There is a misconception is that people need to be liked.
Most people WANT to be liked, but they don't need it. What people need is to be acknowledged.
Being liked is, of course, a form of acknowledgment, so it can fill that need. But so can a lot of other emotional responses. People can stand being hated, so long as they're not being ignored.
It's as though people fear "not being."
So naturally, I've brought you to this strange existential idea as a way to talk about World of Warcraft.
First, an overview:
You fight enemies to get equipment, you get the equipment so that you can fight harder enemies, you fight harder enemies so you can get better equipment. And that's pretty much the game.
While the same general thing happens in many traditional, single-player games, it's not quite this circular affair. I fought enemies and found equipment in "Chrono Trigger" because I was invested in the story and characters. Experience points and armor ratings were a means to the end of fulfilling that investment. For most players of "massively multiplayer games" like WoW, though, the minutiae justifies itself.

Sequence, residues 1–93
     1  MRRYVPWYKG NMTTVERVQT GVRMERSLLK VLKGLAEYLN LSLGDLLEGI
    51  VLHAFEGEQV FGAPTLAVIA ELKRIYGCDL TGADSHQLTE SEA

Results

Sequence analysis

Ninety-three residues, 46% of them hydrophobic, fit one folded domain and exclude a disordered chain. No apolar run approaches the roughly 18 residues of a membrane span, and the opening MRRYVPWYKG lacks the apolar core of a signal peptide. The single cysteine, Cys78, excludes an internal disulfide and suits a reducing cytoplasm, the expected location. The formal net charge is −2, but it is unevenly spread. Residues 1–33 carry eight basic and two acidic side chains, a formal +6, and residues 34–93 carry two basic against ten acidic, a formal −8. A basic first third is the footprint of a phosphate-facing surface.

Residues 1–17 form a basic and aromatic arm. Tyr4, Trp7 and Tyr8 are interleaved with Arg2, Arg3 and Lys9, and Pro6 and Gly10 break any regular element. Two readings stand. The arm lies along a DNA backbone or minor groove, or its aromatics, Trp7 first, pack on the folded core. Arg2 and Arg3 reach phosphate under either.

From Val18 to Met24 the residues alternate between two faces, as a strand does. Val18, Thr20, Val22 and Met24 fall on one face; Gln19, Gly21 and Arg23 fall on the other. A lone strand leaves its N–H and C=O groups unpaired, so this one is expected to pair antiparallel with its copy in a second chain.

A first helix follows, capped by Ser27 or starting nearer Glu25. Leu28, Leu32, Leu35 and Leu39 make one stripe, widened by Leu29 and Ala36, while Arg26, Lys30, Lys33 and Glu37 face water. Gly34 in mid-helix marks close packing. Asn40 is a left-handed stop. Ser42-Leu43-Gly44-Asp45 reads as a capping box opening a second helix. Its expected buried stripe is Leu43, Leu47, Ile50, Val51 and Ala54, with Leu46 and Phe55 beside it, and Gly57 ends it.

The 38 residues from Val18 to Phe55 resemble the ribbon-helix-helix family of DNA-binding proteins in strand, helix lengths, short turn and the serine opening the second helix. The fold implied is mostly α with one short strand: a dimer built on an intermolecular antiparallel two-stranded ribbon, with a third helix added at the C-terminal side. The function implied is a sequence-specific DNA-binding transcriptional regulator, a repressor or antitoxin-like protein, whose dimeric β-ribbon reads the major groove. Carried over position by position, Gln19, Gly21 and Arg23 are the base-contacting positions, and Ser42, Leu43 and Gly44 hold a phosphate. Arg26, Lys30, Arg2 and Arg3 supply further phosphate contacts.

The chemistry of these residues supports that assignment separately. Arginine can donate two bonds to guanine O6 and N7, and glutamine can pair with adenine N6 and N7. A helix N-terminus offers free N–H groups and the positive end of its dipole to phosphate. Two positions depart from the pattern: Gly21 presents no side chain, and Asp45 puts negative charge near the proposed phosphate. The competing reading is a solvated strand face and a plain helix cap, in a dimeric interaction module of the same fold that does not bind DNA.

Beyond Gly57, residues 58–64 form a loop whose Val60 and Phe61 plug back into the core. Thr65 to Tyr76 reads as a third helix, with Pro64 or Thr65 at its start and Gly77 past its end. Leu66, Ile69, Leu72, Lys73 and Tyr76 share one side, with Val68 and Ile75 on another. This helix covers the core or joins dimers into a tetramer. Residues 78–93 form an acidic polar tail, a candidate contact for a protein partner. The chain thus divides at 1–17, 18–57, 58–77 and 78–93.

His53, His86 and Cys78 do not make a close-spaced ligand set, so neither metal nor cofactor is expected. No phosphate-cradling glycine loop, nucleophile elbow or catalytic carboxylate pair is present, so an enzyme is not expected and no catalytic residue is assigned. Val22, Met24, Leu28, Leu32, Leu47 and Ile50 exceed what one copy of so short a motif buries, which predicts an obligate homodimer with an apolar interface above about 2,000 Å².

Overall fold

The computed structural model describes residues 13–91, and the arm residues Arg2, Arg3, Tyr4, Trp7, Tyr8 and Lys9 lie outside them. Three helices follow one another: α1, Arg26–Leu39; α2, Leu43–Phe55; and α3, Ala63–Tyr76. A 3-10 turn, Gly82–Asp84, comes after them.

(For those of you who just got up-in-arms, notice that I used the qualifier "most." There are some people that are genuinely interested in the titular "world" of the game, or play as an arbitrary activity to spend time with friends . . . the other 99% though, are in it for the gear.)
And why is this seemingly ridiculous grind so appealing? It's acknowledgment. A WoW character is stored on company servers, not on the player's hard drive, so you know that it hasn't been tampered with.
This gives the character and his inventory a kind of validation, this makes it real.
And that, in turn, gives the players validation. It makes them real.
On some very important level, people just want to have their actions noticed, even if that notice is an automated response by some lines of computer code.*
*Oooo, Uncharted Trophies were announced today!